On the same day that the Bank of England kept Bank Base Rate on hold at 0.5% for the 36th consecutive month the Bank of Ireland are the latest mortgage lender to increase their Standard Variable Rates (SVR).
Last week Halifax and Natwest RBS announced increases in their SVR pushing up mortgage costs for over a million customers.
Santander also announced that their SVR would rise, but that the change would only affect new customers and not existing mortgage holders.
Bank of Ireland SVR rise
The Bank of Ireland has announced its SVR will rise by 1.5% to 4.49%.
The rise will take effect in two stages; firstly the SVR will rise by 1% to 3.99% from June 2012 and a further rise of 0.5% will come into effect from September.
The rise is the largest seen so far, with borrowers facing a rise of around 50% in their interest costs.
The move will affect around 100,000 mortgage borrowers who have mortgages with the Bank of Ireland or Bristol & West, but holders of mortgages from the Post Office will not be affected.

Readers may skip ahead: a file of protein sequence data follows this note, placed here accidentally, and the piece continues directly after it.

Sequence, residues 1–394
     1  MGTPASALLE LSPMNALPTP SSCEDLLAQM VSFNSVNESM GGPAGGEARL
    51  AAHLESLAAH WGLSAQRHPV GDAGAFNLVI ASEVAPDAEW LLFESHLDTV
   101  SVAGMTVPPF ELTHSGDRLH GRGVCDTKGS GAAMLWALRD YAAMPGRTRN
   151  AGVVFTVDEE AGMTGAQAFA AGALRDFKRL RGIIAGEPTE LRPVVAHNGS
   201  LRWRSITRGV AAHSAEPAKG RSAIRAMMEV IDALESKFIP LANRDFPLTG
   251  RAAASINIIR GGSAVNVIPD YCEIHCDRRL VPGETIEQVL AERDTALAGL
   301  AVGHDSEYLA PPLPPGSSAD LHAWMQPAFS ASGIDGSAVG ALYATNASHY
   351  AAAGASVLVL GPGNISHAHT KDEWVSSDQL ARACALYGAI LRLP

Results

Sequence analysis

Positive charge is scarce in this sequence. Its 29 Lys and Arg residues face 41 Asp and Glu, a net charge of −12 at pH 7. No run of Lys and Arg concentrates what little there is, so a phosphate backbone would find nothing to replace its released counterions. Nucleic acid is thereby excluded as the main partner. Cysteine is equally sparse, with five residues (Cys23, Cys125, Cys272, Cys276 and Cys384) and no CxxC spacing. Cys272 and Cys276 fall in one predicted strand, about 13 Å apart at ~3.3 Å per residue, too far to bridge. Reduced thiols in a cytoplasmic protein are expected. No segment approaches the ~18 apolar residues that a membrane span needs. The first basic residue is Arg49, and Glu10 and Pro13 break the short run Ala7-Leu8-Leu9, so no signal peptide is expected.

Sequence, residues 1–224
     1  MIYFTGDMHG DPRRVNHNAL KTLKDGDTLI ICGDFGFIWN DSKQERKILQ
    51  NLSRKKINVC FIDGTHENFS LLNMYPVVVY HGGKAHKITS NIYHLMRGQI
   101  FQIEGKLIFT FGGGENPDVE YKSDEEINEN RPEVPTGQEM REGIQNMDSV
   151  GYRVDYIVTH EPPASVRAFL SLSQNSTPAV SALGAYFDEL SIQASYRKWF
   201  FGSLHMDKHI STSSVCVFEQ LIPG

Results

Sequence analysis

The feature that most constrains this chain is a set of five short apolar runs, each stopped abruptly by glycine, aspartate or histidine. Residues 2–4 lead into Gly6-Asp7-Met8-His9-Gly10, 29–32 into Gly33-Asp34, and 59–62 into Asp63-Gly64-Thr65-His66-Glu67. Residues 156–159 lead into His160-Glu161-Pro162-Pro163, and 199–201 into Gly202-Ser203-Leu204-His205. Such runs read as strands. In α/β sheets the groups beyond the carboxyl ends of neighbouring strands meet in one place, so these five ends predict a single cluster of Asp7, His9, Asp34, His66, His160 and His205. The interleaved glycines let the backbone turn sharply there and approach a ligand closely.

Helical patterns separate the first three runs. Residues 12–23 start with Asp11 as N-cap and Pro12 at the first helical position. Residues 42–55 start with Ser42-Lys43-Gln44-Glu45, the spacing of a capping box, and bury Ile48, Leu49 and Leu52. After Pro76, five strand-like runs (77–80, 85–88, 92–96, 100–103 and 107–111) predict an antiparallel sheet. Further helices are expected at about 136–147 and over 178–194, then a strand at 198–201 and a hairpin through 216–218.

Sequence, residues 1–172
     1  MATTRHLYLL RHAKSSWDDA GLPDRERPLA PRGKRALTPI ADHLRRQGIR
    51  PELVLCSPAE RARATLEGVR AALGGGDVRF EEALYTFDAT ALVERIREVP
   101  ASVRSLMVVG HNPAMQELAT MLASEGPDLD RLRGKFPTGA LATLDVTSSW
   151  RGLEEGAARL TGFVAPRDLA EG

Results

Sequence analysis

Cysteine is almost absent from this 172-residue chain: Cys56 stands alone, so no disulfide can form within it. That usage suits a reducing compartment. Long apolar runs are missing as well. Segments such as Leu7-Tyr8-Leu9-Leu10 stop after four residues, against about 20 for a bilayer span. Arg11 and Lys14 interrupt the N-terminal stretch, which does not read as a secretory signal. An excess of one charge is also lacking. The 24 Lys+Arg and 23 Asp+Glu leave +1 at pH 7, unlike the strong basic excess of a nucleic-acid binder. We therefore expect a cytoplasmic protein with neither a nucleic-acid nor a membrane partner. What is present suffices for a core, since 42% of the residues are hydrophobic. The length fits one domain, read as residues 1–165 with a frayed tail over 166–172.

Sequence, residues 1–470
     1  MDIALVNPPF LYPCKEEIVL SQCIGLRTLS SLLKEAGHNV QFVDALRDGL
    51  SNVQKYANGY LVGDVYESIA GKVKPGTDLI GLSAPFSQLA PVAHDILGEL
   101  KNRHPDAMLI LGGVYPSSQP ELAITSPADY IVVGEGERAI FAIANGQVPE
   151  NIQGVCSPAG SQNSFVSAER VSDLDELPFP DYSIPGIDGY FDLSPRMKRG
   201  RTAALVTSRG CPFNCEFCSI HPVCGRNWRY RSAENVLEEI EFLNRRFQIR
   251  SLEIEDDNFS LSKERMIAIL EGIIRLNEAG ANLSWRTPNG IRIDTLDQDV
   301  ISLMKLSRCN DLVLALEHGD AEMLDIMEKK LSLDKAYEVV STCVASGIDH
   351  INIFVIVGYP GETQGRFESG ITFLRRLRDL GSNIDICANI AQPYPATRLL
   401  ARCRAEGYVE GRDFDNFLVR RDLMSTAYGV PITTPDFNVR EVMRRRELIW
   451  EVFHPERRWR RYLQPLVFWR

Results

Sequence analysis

The news will be greeted by dismay by mortgage borrowers at a time when households are still suffering the effects of rising prices, particularly fuel, and the effects of the government’s spending cuts.
Standard Variable Rate
The Standard Variable Rate or SVR is often charged to mortgage borrowers who have come off their introductory mortgage deal or who have discounted rates which are linked to their mortgage lenders SVR.
More expensive funding
Mortgage lenders are justifying the rises in SVR by saying that wholesale funding has become more expensive in recent weeks, however many mortgage experts are concerned by a situation where existing mortgage borrowers linked to the SVR are funding competitive deals for new borrowers.